DEPT. OF SATIRE

Why Is Oil So Pricey? It's a Conspiracy!

By R. James Woolsey
Sunday, January 6, 2008

As oil prices hit a record $100 per barrel last week, I came into possession of a transcript of a recent conference call of a heretofore unknown organization called the Pedal to the Metal Coalition, or PedMet, which encourages Americans to stay addicted to oil. The participants seemed to be the head of the shadowy group's K Street office, an official at OPEC headquarters, a representative from each OPEC member state and some hangers-on. Their greatest fear is that the United States will become oil-independent -- and they're concerned that the crunchy types' campaign to feed cows grass rather than corn could mean not only a healthier America but one less dependent on OPEC.

I'm making the transcript available in the public interest.

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K Street: Good to hear from you guys. There seemed to be a hang-up with getting us those year-end bonus checks. What's up?

OPEC Headquarters: We've been deliberating, and we've decided that your armies of consultants, lobbyists and publicists will get their exorbitant fees . . . this time.

But we aren't pleased with recent developments on the Hill. We pay you big bucks to push Americans away from using renewable fuels, but those damned measures to encourage the use of renewable fuels passed in the December 2007 energy bill. You charged us a fortune for your efforts to convince Congress that the world will be driven to starvation if it substitutes any more corn-based ethanol for gasoline. That failed, too. We need to know what's gone wrong.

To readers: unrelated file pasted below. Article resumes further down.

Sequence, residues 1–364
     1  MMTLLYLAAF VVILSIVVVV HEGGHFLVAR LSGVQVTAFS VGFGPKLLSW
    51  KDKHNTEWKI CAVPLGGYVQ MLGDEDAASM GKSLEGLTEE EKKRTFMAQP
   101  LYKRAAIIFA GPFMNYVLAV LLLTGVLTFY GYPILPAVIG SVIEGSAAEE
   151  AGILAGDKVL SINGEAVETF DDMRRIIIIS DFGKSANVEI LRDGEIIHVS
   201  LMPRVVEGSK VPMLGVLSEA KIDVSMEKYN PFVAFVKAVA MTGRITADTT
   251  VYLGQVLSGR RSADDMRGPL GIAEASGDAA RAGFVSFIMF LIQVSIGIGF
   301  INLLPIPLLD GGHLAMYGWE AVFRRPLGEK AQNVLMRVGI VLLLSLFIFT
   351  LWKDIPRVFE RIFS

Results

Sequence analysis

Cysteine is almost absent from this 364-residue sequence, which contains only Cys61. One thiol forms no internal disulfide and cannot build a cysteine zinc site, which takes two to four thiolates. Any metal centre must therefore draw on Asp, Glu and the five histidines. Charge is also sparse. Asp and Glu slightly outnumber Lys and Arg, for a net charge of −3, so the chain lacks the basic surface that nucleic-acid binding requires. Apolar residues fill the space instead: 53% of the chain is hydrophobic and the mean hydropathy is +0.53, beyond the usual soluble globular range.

K Street: I thought you might call about that. That bill was just a temporary glitch; turns out those corn-state senators are really tough. We all know that corn-based ethanol is a reasonable fuel source with a few warts, but I think we did a great job this time around of making those few drawbacks look huge. And don't worry. Before this extremely dangerous idea of making ethanol, butanol or whateverol out of cellulosic biomass and waste catches on, we're going to redouble our efforts and . . .

OPEC: Let me interrupt. Our member in Tehran has some points that we want considered.

Tehran: Thanks. We've been examining the delicious degree of confusion caused by that recent National Intelligence Estimate on our nuclear ambitions, which conveniently excluded uranium enrichment from our nuclear weapons program -- the most central and crucial part of the program. That made us conclude that there's no limit to what you can do to manipulate American public opinion and politics, simply by redefining the issues in your own terms. Surely we can execute a similar ploy here.

K Street: Always open to good new ideas -- what do you have in mind?


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